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But that is the greatest gift I’ve been given by my time with a camera.  If you set the dial to “auto” and just let the thing go to work, you will get some good pictures.  This was a good picture, compared to the one I’d gotten before.  But it still wasn’t what I had expected to get.  It fell very short of what my eye had seen, even as near-sighted as I am.
I just assumed that the elephant in the room was me.  I wasn’t smart enough or talented enough or whatever enough to be any good with a camera.

I didn’t go out the next time the shadow moved across my window.  And, eventually, the construction came to be so destructive that the hawks moved on.  For me, at that point, the message was more about my inability to do the thing well and less about my willingness to try.

I was taking the easy route and trying to convince myself that refusing to stretch out and learn anything at all was ok since I had a good camera and a great subject.  Eventually I’d either figure it out or be fortunate enough to have a hawk land in my lap and refuse to leave until I had an award-winning photo of it!!
The lesson I needed most to learn was that anything worth doing is worth doing well, of course, but there’s effort in learning to do a thing well.  And sometimes it takes years to be rewarded no matter how hard you try.  You just have to keep trying.

My sister has been telling me about a family of hawks in the trees behind her house.  She hears them screaming in the mornings and sees them in the top of one dead tree that pokes up higher than the rest of the woods.  They’ve raised a juvenile and are now teaching it to fly.  Soon they’ll be gone.
So, in a last-ditch attempt and somewhat halfheartedly, I grabbed my camera bag when I left this week for my cleaning day at Mom’s.  I needed to drop off a couple of things at B’s, so maybe I’d get lucky and the hawk family would still be there.
I admit to being almost relieved that someone was mowing near the creek and the birds were nowhere to be seen.  The distance for getting even a mediocre shot was beyond my longest-range lens and since knocking my camera bag out of the car in May I’ve had issues with the focus being off-center and the motor is struggling.  It needs to go back to the shop and I’m delaying the inevitable for no really good reason.  Not having to pull it out and even go through the process of trying to shoot it fit right in with my already not-so-great mood.  Oh well, better luck next time.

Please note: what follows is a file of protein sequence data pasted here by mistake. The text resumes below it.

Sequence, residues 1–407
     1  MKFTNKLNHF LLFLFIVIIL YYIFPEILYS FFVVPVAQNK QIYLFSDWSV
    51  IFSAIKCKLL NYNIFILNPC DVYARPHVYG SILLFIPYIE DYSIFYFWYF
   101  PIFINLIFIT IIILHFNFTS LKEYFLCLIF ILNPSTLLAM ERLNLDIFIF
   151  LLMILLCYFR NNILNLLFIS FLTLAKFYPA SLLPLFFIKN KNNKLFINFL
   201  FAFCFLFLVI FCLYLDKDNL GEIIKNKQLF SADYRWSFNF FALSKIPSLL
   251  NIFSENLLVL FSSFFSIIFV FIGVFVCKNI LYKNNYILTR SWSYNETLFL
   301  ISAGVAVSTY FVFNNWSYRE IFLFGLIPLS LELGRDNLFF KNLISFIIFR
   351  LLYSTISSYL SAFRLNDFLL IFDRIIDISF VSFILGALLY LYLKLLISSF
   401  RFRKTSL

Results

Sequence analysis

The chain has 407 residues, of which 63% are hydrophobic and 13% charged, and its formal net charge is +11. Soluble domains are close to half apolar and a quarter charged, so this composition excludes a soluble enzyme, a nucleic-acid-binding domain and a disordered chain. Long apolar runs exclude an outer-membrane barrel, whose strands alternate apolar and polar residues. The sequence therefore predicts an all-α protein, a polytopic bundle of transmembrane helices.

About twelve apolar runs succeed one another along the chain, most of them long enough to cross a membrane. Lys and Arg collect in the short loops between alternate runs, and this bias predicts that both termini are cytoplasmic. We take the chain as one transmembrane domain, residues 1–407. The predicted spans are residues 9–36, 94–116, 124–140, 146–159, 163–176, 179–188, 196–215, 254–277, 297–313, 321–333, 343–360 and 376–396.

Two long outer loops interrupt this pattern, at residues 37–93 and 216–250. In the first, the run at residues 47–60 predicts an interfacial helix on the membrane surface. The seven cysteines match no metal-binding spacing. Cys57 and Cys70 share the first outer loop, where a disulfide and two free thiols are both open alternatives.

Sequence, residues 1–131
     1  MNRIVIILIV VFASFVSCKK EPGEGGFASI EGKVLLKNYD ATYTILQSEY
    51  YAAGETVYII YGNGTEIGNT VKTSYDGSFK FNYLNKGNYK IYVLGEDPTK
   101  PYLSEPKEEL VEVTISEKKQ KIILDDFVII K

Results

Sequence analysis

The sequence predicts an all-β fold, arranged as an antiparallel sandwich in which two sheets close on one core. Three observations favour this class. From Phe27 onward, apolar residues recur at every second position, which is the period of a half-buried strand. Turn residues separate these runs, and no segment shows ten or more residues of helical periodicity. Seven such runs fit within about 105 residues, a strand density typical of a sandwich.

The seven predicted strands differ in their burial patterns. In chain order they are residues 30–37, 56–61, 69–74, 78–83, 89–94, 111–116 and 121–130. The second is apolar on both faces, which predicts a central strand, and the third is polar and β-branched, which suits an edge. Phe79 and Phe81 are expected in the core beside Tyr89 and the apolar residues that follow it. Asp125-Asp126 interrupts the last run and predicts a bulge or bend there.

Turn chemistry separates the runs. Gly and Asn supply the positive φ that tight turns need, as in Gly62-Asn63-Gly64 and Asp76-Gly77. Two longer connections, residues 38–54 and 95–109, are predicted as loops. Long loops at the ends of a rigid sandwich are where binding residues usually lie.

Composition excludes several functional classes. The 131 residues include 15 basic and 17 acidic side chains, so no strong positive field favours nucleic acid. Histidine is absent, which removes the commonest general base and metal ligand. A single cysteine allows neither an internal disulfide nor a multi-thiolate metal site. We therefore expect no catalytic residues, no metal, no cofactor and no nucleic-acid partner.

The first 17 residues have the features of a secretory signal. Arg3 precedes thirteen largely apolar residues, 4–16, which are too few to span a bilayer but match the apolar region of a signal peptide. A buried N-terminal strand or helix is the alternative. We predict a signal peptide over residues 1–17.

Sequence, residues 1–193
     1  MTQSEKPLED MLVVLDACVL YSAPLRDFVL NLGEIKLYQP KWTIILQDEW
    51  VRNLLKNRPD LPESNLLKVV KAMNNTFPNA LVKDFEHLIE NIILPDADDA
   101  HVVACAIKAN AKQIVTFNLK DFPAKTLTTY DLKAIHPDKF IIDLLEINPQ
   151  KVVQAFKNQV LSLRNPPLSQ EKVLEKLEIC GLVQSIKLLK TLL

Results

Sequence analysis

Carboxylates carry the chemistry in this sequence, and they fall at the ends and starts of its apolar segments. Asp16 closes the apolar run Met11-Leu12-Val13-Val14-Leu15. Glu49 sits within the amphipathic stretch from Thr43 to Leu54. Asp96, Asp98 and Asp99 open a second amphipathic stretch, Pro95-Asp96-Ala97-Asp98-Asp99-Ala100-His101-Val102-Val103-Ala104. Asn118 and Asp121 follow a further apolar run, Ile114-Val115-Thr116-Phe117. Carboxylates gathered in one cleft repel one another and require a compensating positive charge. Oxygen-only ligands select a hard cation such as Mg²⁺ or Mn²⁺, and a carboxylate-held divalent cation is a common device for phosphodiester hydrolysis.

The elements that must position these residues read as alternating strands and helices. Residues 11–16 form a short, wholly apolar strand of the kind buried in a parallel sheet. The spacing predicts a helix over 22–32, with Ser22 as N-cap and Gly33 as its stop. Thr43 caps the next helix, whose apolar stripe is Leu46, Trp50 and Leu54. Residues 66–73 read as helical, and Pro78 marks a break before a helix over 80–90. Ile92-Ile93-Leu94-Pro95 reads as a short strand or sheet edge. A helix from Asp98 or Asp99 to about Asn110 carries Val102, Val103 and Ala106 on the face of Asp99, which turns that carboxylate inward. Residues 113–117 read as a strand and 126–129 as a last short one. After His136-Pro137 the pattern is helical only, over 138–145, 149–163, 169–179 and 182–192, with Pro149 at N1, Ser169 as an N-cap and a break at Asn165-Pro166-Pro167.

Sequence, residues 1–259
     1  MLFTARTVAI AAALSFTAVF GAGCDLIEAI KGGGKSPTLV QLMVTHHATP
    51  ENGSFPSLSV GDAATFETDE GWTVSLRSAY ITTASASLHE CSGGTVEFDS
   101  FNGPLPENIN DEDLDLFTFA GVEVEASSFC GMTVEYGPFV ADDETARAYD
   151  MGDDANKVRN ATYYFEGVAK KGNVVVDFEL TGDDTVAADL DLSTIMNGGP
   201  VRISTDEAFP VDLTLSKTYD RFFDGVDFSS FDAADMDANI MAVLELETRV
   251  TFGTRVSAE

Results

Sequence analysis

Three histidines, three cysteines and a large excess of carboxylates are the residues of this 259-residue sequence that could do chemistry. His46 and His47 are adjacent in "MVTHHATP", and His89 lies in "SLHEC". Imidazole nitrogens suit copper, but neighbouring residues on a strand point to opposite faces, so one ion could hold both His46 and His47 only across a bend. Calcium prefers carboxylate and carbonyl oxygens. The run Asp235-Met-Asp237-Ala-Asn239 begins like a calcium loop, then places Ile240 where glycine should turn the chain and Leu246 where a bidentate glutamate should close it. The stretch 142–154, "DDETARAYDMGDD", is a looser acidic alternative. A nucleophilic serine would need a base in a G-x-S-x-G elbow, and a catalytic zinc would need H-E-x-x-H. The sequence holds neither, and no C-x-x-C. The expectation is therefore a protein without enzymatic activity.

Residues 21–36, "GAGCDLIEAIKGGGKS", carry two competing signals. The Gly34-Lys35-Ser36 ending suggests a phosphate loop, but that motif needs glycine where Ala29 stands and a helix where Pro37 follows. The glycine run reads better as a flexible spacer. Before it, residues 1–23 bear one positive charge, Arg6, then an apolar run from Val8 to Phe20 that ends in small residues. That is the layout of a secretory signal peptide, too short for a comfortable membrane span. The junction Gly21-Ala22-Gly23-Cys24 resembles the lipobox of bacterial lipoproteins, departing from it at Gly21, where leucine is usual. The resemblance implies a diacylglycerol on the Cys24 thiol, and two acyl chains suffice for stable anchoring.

Maybe my trips down Hwy 67 with Daddy had more impact than I realized.  I’ve become somewhat of a hawk-stalker.  I always watch for them along the roadways and love to see just how many I can spot.  It’s somewhat amazing to me that there are so many, although it’s also sad to think they’ve been pushed to hunting so near each other.  The strain on the rodents must be tough as well.  Nobody is getting much of a break there.

I pulled through the gate leading into the complex where my mom and sister live and rounded the first corner with my mind on so many other things I almost missed him.  But out of the corner of my eye I caught something pretty big sitting on the fence and there he was!  I figured the best chance I’d get was using my phone as I pulled into an empty parking spot and rolled down the window, but he was busy looking for breakfast and wasn’t the least bit concerned about a car moving so near his table.  I parked and reached back for the camera bag, fitted the zoom lens and never gave a thought to how I’d left the settings when I’d put it away last time.  My first photo was way over-exposed.  But, once I realized he didn’t see me as a direct threat and would continue to hunt until something tasty popped up or another threat appeared, I reset the camera and made myself calm down enough to get something worth being proud of.
Well…  a couple of somethings, actually.